Why I left the Human Rights Committee retreat
First of all, I am sorry that I have not posted earlier, but I was getting ready for the AFT Convention in Boston, and felt what happened that day needed a well thought-out response.
I will first recount the sequence of events from my perspective, and then explain why I felt it necessary to leave.
“Clarence”, from the moment we arrived at the meeting, was rude, insulting, and insensitive to Emma. His first words to us on our arrival were “I hope you will be careful and not break anything this year, Emma. I fixed the broken bench.” This was referring to an incident last year when she was sitting on one of his benches and another activist sat next to her. It broke.
We both thought he was making a bad joke and shrugged that one off. A bit later she asked about whether there was any ice to use for drinks that people weren’t putting their hands in separate from the ice used to keep bottled drinks cold and he made a comment about “I don’t have any cooties! You can use this ice.” He could easily have just said–“no, but we have more ice coming, and we can set some aside.”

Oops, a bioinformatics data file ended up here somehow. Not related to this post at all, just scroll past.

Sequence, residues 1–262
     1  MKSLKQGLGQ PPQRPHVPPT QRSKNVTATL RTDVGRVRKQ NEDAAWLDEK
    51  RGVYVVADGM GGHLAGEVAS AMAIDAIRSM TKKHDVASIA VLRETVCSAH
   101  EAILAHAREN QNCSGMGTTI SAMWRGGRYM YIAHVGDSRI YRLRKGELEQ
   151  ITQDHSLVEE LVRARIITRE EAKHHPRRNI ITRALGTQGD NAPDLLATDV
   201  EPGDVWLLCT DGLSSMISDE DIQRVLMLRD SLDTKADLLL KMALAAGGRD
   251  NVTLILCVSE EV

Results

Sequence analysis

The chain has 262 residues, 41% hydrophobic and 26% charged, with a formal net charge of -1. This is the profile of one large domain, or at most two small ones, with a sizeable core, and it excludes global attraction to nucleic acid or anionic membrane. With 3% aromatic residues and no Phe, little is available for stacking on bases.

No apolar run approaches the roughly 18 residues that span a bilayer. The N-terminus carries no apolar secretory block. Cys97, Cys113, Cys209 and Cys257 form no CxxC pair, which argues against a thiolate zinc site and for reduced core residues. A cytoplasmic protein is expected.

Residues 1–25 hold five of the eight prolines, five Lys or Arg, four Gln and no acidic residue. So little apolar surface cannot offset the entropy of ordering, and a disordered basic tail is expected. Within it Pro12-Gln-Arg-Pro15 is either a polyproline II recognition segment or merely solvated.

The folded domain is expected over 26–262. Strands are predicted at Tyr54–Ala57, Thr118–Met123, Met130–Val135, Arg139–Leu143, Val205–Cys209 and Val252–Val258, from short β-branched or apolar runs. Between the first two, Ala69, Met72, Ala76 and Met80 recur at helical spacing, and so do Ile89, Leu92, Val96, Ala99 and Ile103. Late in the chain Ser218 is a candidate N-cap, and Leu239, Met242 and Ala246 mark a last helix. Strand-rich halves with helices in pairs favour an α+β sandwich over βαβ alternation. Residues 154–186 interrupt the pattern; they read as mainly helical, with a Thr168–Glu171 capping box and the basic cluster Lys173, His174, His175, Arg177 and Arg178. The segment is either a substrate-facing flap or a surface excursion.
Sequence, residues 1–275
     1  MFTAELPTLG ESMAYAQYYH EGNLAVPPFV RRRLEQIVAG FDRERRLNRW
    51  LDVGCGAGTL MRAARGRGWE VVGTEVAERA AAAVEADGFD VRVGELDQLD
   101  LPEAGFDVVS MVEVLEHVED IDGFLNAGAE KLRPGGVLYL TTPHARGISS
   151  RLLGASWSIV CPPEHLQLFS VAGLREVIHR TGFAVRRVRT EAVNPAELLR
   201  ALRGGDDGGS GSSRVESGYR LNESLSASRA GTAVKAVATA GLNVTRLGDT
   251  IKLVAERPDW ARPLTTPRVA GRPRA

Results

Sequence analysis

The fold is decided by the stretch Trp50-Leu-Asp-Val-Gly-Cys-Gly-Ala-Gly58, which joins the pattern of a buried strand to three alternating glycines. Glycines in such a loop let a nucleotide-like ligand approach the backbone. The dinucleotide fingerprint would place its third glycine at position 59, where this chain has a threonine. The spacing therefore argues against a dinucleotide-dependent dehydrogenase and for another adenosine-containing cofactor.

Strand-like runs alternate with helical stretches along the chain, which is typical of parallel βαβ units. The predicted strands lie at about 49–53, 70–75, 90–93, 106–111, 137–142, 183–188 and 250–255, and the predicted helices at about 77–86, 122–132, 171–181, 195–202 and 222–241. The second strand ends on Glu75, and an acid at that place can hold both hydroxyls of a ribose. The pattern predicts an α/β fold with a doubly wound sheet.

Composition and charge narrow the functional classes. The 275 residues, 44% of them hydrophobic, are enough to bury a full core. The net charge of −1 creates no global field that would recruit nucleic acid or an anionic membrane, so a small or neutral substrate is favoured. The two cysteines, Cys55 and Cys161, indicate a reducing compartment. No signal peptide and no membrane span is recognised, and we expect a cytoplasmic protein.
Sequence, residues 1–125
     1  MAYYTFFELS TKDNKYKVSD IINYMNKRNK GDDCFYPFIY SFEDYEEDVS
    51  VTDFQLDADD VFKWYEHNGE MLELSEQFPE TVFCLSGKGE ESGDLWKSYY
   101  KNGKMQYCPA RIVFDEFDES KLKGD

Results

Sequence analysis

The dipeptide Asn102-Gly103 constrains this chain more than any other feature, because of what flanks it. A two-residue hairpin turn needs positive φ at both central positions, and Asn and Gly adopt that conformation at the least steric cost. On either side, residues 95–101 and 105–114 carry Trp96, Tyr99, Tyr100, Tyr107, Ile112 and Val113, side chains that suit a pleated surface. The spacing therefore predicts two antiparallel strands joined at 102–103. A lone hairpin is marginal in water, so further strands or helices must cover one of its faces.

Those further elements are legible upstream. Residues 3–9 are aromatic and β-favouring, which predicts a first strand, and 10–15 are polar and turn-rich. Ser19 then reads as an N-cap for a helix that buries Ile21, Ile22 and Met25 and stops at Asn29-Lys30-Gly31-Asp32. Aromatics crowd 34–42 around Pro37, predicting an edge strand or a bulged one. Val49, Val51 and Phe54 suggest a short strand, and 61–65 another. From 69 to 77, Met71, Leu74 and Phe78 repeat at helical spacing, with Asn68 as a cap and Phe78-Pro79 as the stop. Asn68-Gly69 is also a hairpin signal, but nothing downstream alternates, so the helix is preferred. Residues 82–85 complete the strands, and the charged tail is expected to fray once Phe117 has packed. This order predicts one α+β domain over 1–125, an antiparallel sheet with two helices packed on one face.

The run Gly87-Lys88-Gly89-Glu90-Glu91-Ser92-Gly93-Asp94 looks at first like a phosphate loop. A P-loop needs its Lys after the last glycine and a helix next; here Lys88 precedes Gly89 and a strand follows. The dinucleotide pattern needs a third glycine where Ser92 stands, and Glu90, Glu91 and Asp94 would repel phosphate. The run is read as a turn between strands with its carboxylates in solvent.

When the new ice arrived, I was engaged in conversation with Steve about budget issues. Emma again asked if some ice could be set aside, explaining that some people have weak immune systems. “Clarence” said no, none of us have dirty hands. Emma asked for support, (once again raising the issue of health needs of people with weak immune systems), and “Clarence” made his snide joke about “Let’s have a motion.” By this time, Emma was visibly getting upset, and walked in the house so she could cool off. “Ethel” told “Clarence” to set asides some ice and he did, but he did not tell Emma that it was set aside at that time.
I went inside to talk to Emma, and then went back out to continue talking with Steve and “Ethel”. A bit later Emma told me that “Clarence” came in after I left and said to her in private that “…the retreat is outside on the deck, not in the house…” where she had gone to avoid losing her temper and to cool off from the heat. I went out to confront “Clarence” about this, which I did-I told him that in the three years the retreat had been at his house, he had never restricted the event to the patio. I also explained to him about her illness, and he said to me that he did not believe she had any disability! At that point she came out and he said very condescendingly “There’s the ice, you can go run your hands through it” and she lost it–yes she was angry, yes she said fuck quite a bit–and he said he was trying to calm her–while at the same time saying that “people’s hands are not dirty” and wiggling his fingers in her face. At that point, we decided to leave.